The reection of light effected by the minute reflecting means underlying sphere-lenses of the aggregate hereof is characterized as specular, as opposed to diffuse or scattered, inasmuch as mirror-like reection predominates in the structure. The preferred form for the minute reecting means to assume is that of a thin, essentially, hemispherical coating of silver or the like on the back extremity of the sphere-lens, i.e., the portion lying internally of the structure of the aggregate.

The attainment of necessary optical and structural relationships in the aggregate hereof will readily be realized as one presenting a serious manufacturing problem. The sphere-lenses are spread over the surface of an underlying lithic core member and are about half buried, i.e., about half embedded, in a durable, chemical-resistant, Weather-resistant, and solvent-resistant binder. Since the core of the aggregate hereof may assume a variety of shapes and have varying degrees of pits and irregularities on its surface, a serious problem arises as to how to provide such a core material with a brilliantly reliex-reflecting coating wherein a plurality of light reflecting spherelenses are oriented with each having an essentiallyhemispherical, specular, light-reecting coating on its back extremity. To accomplish this in an economical manner so that the resulting aggregate can be made available at a reasonable price for extensive highway marking use will be seen to further complicate the problem. As an added advantage of this invention, however, a practical solution to the problem of making of the aggregate hereof in an economical manner is provided.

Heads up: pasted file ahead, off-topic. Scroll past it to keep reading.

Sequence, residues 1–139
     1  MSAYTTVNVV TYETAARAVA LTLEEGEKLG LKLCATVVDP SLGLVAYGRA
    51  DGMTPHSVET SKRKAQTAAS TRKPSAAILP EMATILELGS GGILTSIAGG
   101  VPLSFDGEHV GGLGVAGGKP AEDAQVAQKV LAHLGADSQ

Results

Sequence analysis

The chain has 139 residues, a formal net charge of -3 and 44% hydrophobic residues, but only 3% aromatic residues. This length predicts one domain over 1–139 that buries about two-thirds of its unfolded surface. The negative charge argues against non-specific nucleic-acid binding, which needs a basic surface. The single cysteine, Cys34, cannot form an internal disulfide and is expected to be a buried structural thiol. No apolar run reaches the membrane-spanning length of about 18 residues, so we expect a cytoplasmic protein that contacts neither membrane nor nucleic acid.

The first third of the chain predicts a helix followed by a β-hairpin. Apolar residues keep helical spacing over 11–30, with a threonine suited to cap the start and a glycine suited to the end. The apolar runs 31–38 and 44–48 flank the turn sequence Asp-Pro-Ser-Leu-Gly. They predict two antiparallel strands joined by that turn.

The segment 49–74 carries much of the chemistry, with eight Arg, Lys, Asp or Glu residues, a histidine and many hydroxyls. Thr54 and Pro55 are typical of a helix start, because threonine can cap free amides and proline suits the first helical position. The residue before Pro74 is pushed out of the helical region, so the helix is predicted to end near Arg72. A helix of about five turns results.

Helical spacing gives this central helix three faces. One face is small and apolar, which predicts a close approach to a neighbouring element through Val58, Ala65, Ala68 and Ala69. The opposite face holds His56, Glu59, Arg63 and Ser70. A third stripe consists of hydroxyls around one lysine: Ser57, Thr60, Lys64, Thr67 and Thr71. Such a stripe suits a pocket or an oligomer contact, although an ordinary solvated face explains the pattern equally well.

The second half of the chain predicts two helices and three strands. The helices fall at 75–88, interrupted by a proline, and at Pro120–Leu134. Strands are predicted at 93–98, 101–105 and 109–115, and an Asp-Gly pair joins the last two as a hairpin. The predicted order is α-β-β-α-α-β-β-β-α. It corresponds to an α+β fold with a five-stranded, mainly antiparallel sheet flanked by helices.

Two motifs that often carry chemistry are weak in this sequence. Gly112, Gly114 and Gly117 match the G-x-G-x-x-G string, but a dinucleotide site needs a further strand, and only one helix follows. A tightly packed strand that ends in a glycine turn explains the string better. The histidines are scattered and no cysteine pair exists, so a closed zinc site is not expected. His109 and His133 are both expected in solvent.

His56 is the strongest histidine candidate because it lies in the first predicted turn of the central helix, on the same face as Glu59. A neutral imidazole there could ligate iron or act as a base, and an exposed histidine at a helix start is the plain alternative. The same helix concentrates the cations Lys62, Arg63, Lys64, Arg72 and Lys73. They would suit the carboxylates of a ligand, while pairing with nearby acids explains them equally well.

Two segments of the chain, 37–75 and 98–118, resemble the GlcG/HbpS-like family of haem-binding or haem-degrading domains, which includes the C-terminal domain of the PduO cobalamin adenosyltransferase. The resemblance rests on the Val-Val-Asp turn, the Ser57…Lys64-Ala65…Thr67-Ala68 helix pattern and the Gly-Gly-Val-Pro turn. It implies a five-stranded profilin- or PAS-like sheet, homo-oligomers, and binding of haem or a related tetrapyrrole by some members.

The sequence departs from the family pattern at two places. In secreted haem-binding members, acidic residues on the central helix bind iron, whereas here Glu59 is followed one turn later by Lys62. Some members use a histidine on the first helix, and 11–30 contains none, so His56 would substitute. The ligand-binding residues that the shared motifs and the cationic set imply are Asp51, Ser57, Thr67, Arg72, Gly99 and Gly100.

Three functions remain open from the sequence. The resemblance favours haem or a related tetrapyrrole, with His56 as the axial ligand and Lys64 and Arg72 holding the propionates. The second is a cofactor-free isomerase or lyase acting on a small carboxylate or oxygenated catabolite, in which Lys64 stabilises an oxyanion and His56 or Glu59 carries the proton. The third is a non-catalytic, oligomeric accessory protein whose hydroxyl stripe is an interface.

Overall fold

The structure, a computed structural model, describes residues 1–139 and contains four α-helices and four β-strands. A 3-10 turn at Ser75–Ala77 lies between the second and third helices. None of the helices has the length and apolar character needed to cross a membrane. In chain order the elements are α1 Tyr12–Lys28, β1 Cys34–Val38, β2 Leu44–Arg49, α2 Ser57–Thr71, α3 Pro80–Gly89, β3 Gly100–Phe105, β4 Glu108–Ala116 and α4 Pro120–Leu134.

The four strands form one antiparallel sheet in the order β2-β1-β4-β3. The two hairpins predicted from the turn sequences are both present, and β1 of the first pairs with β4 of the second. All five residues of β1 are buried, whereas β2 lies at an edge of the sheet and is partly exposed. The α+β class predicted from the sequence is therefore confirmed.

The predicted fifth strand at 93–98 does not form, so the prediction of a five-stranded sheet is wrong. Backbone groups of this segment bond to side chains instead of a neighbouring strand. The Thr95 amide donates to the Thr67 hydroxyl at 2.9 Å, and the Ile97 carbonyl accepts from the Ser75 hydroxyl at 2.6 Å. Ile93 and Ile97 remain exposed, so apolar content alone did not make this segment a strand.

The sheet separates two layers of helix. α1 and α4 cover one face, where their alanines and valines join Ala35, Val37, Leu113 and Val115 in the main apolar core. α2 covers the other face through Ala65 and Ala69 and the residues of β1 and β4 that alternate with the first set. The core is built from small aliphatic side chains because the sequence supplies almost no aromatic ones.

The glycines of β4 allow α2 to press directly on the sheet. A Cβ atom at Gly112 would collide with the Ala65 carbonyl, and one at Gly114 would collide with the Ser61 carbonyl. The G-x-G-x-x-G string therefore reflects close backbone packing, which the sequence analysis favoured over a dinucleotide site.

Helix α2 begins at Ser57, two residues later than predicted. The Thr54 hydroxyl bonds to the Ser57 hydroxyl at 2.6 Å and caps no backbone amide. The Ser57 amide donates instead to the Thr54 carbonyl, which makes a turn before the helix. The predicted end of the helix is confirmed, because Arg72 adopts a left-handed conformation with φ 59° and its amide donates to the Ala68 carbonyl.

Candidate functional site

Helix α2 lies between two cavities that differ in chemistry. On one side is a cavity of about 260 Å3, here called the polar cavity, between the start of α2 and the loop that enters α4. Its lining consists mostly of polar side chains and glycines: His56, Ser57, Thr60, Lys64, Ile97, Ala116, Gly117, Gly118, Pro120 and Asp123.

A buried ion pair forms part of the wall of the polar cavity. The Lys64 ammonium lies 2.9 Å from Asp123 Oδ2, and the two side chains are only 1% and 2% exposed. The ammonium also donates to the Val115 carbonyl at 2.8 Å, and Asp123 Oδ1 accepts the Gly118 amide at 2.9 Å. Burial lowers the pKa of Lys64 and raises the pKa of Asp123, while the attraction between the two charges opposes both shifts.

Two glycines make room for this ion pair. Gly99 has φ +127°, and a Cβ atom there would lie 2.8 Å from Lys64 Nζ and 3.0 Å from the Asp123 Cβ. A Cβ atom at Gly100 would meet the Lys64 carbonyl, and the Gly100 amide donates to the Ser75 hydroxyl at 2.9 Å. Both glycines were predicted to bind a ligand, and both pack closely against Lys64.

The features of our invention will be explained in connection with an illustrative drawing made a part hereof, wherein:

FIGURES 1 and 2 are schematic views in cross section through reflective aggregate articles of this invention;

FIGURE 3 is an enlargement of the looped portions a of FIGURES l and 2; and

FIGURE 4 is a schematic side elevation illustrating a highway center island provided with the reflective aggregate of this invention.

Several specific embodiments of our invention will now be explained in connection with illustrative, but nonlimitative, examples.

spaanse 3 EXAMPLE 1 Reflective aggregateV of this invention in particle sizes greater than about 20 mesh and smaller than about 10 mesh was prepared as follows:

First, greystone rock was crushed and screened to collect chips of a size between about and 20 mesh, i.e., chips small enough to pass through a 10 mesh screen` and too `large to pass through a mesh screen. About 100 pounds of the `collected greystone granules were charged into a mortar mixer and blown with air to remove dust. To Ythe greystone granules in the mixer was then added about ,4 pounds of a bond solution consisting of about parts epoxy resins and about 25 parts polyamide-r resin dissolved in about 50 parts of toluene.v Y